Reinhart at Rest
July 24, 2014 12:09 PM   Subscribe

RIP Thomas Berger. If you know only one book by Thomas Berger, it's probably Little Big Man, which was made into an Oscar-winning film starring Dustin Hoffman.

You may have also heard of his book Neighbors which was also made into a movie starring John Belushi and Dan Ackroyd.

Or his novel Meeting Evil most recently made into a film starring Samuel L. Jackson and Luke Wilson.

Or his take on King Arthur with his novel Arthur Rex.

However, you probably didn't know he'd stopped writing five years ago, (sorry, it's behind a pay wall, but the article itself is only .25).

RIP Reinhart.

Here's Jonathan Lethem on Thomas Berger.
posted by Francis7 (19 comments total) 8 users marked this as a favorite
(sorry, it's behind a pay wall, but the article itself is only .25)

Yeah, no, I don't think the National Review is getting my quarter.
posted by dersins at 12:21 PM on July 24, 2014 [1 favorite]

I breathed an audible "ohhh" on reading this. I remember reading all the Renharts I could 10-15 years ago.

posted by benito.strauss at 12:23 PM on July 24, 2014

I cannot overstate how the film Little Big Man opened my eyes up to the ludicrousness of the western culture myth that surrounded my upbringing.

My parents just thought it was funny.

posted by barchan at 12:25 PM on July 24, 2014 [3 favorites]

I've never been able to decide if Berger's book or the film is the 'better' version of Little Big Man; Dustin Hoffman is perfect as Jack Crabbe, but as usual there's so much more in the book that had to be left out of the movie. And of course, there's the sequel, The Return of Little Big Man.
posted by easily confused at 12:31 PM on July 24, 2014 [1 favorite]


Total coincidence, but after a very strong recommendation I only recently read my first Thomas Berger, The Houseguest (1988) and thought it fantastic (nasty & very funny).

amazon teaser: Chuck Burgoyne is no ordinary houseguest. The Graveses (father Doug; wife Audrey; son Bobby; and daughter-in-law Lydia) have gotten used to his polite manners and gourmet breakfasts. But one morning at the Graveses' summer home, Chuck fails to appear.
When Chuck finally does surface, he is no longer sweet and charming, but rather has become aggressive and arrogant, abusing each family member in turn. Each family member that is, except the fellow outsider, Lydia...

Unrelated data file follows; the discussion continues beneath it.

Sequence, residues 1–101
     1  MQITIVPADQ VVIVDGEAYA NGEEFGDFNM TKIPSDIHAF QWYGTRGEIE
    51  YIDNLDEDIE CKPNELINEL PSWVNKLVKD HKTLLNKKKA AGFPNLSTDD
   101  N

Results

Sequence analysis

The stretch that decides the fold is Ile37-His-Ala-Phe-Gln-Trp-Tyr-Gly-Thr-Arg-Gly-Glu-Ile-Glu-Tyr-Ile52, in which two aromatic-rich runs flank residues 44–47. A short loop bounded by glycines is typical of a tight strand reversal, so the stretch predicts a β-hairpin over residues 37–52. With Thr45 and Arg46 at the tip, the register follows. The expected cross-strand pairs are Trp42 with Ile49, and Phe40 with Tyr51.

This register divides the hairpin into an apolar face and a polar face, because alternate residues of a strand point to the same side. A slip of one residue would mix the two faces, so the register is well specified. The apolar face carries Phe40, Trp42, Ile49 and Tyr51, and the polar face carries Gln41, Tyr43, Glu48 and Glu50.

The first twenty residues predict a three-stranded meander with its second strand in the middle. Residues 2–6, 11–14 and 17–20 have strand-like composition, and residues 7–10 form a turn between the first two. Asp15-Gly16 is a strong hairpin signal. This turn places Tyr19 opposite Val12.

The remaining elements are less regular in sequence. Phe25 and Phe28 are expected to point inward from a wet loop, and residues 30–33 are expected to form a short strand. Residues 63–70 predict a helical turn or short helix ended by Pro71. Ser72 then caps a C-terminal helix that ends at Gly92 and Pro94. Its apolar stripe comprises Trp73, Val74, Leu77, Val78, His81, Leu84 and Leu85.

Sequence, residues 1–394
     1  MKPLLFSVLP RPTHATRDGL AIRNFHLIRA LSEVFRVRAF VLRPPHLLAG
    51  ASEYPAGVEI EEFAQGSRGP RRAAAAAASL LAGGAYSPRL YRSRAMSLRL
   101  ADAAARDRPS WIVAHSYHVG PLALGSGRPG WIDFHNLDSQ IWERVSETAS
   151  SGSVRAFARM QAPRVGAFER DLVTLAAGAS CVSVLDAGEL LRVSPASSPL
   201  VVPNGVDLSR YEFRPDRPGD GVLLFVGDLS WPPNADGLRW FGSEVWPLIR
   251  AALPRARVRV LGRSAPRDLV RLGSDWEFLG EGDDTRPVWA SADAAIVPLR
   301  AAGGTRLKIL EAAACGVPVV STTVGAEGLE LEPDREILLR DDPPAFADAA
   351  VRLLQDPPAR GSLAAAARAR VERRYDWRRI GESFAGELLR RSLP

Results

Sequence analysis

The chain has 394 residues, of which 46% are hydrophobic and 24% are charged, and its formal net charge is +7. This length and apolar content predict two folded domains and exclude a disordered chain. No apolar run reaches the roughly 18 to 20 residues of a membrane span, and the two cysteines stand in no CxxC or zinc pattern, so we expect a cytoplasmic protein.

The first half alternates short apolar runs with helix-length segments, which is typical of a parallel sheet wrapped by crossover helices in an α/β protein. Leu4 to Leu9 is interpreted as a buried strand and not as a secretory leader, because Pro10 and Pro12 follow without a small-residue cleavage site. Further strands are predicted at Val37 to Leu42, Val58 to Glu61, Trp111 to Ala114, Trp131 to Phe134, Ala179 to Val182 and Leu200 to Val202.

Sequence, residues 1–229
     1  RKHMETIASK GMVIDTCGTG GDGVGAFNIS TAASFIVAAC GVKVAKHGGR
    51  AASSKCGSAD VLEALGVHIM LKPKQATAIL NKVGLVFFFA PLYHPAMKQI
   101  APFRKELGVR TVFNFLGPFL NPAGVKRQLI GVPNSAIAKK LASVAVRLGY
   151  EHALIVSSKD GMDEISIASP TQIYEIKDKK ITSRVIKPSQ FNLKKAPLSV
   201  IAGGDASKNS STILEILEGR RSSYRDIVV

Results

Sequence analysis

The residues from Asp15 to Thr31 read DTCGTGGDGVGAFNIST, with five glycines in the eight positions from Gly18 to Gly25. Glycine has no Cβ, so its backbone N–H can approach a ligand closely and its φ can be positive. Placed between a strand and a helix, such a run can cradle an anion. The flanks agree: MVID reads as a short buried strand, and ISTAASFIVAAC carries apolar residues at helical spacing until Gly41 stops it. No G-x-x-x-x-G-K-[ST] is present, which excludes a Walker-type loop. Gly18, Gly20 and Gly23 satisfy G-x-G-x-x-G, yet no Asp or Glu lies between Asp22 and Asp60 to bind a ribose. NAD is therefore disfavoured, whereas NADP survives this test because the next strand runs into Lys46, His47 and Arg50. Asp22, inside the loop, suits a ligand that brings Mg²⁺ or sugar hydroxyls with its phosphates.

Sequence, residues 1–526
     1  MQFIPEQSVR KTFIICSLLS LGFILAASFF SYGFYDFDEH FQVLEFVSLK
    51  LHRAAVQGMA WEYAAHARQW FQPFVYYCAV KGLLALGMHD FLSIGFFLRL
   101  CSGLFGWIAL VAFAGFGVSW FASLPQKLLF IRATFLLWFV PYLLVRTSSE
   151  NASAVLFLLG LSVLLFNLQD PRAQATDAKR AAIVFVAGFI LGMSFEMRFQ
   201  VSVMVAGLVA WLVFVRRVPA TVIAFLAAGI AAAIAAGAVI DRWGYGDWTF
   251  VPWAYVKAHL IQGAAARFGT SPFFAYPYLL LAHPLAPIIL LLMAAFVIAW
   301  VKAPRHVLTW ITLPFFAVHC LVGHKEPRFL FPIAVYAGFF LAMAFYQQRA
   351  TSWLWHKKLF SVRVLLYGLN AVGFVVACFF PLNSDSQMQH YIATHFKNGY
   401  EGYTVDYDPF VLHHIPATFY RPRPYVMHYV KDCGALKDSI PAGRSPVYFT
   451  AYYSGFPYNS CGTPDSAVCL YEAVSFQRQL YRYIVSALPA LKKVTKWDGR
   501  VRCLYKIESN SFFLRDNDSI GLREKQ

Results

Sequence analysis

posted by Jody Tresidder at 12:56 PM on July 24, 2014

That movie is awesome. It is where I first heard about the 'Battle' of the Washita, and really portrays a rich and interesting view of native cultures, especially given the time period when it was made.

(I fear I have just inspired some hipster to tell me how awful it really was and misleading and how I should feel bad for liking it.)
posted by norm at 12:58 PM on July 24, 2014

Little Big Man is a sadly overlooked literary classic. It is one of the better books that my husband has read out loud to me (being read to as an adult is a delicious treat), and I treasure the memory of him reading it in character.

Thank you, and RIP, Thomas Berger.
posted by thebrokedown at 1:13 PM on July 24, 2014 [4 favorites]

"May the everywhere spirit have mercy on his soul, and yours, and mine."

posted by Herodios at 1:29 PM on July 24, 2014

"Come out and fight! It is a good day to die! Thank you for making me a human being. Thank You for helping me to become a warrior. Thank You for my victories, and for my defeats. Thank You for my vision, and the blindness in which I saw further. You make all things and direct them in their ways, O Grandfather. And now You have decided the Human Beings will soon walk a road that leads nowhere. I am gonna die now, unless death wants to fight. And I ask You for the last time to grant me my old power to make things happen.

Take care of my son here. See that he doesn't go crazy."

I saw the movie and then read the book and loved both. Do yourself a favor.
posted by vapidave at 1:49 PM on July 24, 2014 [4 favorites]

I fear I have just inspired some hipster to tell me how awful it really was and misleading and how I should feel bad for liking it.

This hipster freaking loves that movie and the original book.
posted by maxsparber at 1:57 PM on July 24, 2014 [1 favorite]

posted by valkane at 3:00 PM on July 24, 2014